Archives For *Brief Reviews*

 

Looking to Christ

A Brief Review of

The Spirit of Simplicity
Jean Baptiste Chautard

 

Translated by Thomas Merton
Paperback: Ave Maria Press, 2017
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Reviewed by Josh Morgan
 
 

The Spirit of Simplicity has a compelling backstory: a 70 year old hidden text written by a famed French Cistercian, Jean-Baptiste Chautard, translated with notes by Trappist (a Cistercian branch) monk, Thomas Merton. In a world of complexity and loudness, simplicity for our lives and souls is compelling and increasingly popular.

The text itself is short: 114 pages of content, including 14 illustrations of monasteries, and 23 pages of notes from Merton. It is broken into two parts: The first being the aforementioned translation of Chautard’s The Spirit of Simplicity and the second excerpts from writings and speeches of St. Bernard of Clairvaux, a leader of the Cistercian order, on the topic of interior simplicity, with added commentary by Merton. From a readability standpoint, the reader must remember this text’s place in history: Part 1 was written in 1920s French, translated into 1940s English, both with a target audience of the theologically trained monastic community. Bernard died in 1153. For readers familiar with dense mystical and theological texts, this time will seem familiar and accessible. For those looking for a simplicity self-help book, it will be a grind.

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Humble Confessions
 
A Review of

Presence and Process:
A Path Toward Transformative Faith and Inclusive Community
Daniel P. Coleman

Paperback: Barclay Press, 2017
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Reviewed by Josina Guess
 
 
 

First Confession:  I did not know that Process Theology was a thing until I read this book. In an interview with Tripp York on the Homebrewed Christianity podcast, Daniel Coleman said that he was looking for “Process Theology for Dummies” when he set out to write this book. Presence and Process does a concise job of introducing and distilling thoughts and concepts that are usually confined to academic circles. Coleman’s thorough research and careful gleaning of a wide variety of quotes from monks, nuns and masters throughout the ages offer lay readers lots of helpful nuggets of truth and could whet a reader’s appetite for deeper exploration. I still got a bit bogged down by the jargon, but appreciated that there were practical suggestions rooted in Christian teaching.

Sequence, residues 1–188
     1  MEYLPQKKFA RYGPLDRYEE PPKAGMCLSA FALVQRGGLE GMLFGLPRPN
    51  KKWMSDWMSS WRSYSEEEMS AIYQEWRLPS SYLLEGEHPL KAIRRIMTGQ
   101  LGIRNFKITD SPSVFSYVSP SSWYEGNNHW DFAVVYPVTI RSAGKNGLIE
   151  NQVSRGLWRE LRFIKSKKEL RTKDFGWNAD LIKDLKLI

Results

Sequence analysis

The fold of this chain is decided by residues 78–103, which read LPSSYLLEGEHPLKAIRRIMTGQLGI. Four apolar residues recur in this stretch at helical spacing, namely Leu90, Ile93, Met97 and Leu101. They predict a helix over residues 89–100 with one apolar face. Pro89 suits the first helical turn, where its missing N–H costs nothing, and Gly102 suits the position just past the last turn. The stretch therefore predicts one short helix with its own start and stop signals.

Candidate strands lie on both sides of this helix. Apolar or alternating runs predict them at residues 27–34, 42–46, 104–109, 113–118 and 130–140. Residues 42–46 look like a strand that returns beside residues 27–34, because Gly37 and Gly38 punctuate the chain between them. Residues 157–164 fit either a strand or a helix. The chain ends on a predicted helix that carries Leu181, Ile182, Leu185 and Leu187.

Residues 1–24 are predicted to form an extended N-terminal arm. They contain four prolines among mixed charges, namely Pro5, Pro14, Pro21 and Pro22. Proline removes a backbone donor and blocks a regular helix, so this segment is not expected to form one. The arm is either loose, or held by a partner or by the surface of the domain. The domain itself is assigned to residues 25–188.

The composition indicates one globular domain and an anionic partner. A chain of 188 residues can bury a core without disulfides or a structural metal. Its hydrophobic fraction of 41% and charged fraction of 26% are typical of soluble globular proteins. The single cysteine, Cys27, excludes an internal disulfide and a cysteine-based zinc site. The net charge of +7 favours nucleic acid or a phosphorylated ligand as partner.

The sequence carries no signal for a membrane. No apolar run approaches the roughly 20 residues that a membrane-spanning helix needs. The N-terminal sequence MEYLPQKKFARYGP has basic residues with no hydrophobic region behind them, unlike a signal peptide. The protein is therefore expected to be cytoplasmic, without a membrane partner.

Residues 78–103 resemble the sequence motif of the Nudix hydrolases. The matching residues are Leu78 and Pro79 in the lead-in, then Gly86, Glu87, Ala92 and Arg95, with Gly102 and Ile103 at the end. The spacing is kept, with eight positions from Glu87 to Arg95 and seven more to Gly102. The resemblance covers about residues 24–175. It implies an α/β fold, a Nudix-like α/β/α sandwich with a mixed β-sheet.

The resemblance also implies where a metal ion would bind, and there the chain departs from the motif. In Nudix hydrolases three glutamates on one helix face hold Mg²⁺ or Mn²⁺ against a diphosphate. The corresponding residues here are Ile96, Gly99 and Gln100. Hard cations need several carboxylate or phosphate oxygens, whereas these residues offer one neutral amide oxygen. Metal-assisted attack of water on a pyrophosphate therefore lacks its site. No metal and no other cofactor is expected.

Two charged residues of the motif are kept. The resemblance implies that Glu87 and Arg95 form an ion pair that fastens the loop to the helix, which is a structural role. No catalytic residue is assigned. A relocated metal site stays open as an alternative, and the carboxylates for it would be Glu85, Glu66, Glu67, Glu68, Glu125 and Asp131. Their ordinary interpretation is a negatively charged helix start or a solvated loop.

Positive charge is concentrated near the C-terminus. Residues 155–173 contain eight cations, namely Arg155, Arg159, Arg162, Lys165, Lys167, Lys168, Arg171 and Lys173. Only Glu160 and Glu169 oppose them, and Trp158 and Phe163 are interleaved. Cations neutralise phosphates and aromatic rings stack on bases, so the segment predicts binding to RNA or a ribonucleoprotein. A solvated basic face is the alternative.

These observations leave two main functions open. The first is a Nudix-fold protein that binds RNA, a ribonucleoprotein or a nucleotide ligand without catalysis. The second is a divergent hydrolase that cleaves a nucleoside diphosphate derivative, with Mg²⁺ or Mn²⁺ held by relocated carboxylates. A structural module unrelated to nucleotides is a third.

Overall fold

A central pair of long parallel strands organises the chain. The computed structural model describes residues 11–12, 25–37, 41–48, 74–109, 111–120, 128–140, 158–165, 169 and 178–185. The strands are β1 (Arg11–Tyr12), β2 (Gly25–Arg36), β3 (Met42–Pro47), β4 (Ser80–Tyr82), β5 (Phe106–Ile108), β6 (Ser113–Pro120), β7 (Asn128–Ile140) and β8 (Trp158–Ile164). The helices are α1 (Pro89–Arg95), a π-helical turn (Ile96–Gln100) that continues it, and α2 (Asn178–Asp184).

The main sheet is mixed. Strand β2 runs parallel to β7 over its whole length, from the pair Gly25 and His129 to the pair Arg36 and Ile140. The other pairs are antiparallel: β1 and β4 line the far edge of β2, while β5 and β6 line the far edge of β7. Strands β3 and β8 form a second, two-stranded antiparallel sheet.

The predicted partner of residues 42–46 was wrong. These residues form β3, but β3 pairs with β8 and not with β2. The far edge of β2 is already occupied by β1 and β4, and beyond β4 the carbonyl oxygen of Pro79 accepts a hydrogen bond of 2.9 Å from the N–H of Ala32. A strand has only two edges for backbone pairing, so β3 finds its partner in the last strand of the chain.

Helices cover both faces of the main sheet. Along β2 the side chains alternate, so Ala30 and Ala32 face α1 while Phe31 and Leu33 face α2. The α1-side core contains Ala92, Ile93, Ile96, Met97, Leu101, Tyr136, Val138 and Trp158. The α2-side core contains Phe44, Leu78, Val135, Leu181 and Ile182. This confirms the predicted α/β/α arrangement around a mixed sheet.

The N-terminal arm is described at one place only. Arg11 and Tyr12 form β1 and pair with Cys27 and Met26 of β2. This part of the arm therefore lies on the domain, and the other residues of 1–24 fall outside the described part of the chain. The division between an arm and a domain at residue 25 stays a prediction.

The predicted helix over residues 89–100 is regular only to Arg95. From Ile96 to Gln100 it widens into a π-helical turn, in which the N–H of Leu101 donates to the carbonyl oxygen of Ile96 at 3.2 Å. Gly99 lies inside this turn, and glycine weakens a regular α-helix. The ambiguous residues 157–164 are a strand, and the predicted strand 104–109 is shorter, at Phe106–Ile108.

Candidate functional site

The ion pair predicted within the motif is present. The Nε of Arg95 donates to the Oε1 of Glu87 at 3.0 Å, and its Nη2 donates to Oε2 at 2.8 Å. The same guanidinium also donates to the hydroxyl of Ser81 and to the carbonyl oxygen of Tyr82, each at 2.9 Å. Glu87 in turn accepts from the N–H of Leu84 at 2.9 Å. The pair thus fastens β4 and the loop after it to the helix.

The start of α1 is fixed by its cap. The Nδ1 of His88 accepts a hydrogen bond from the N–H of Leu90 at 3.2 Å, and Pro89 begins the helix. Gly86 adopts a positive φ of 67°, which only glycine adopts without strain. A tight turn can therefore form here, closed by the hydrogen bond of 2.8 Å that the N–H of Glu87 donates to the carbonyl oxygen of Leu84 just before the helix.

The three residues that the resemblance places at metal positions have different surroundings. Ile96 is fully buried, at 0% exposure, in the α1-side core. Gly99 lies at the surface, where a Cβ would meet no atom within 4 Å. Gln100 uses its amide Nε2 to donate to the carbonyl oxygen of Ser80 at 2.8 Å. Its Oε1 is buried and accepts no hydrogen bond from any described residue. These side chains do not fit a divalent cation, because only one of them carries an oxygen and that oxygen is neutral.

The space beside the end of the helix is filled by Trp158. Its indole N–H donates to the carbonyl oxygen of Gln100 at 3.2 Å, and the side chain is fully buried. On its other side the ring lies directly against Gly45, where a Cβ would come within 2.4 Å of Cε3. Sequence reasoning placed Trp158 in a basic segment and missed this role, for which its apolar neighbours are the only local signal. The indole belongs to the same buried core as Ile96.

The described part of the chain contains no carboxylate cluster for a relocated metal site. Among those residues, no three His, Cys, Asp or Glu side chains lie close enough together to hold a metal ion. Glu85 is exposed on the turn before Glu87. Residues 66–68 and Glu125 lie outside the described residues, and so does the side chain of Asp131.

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Contagious Joy and Contentedness
 
A Brief Review of

The Round of a Country Year:
A Farmer’s Day Book
David Kline

 
Paperback: Counterpoint, 2017
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Reviewed by Bailey Shannon

 

When I first started reading The Round of a Country Year by David Kline I thought, “This is just an Amish man’s diary…”. Kline writes a short entry almost every day for a full year about life on his farm in Holmes County Ohio. I thought I would become bored after the first few pages.  However, I was quickly absorbed into this farmer’s poetic and meditative observations.